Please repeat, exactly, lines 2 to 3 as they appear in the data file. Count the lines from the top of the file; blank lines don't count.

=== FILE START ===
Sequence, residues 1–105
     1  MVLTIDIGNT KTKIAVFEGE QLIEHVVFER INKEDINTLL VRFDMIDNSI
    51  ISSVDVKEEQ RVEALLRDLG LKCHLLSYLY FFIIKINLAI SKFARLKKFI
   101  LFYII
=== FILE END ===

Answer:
     1  MVLTIDIGNT KTKIAVFEGE QLIEHVVFER INKEDINTLL VRFDMIDNSI
    51  ISSVDVKEEQ RVEALLRDLG LKCHLLSYLY FFIIKINLAI SKFARLKKFI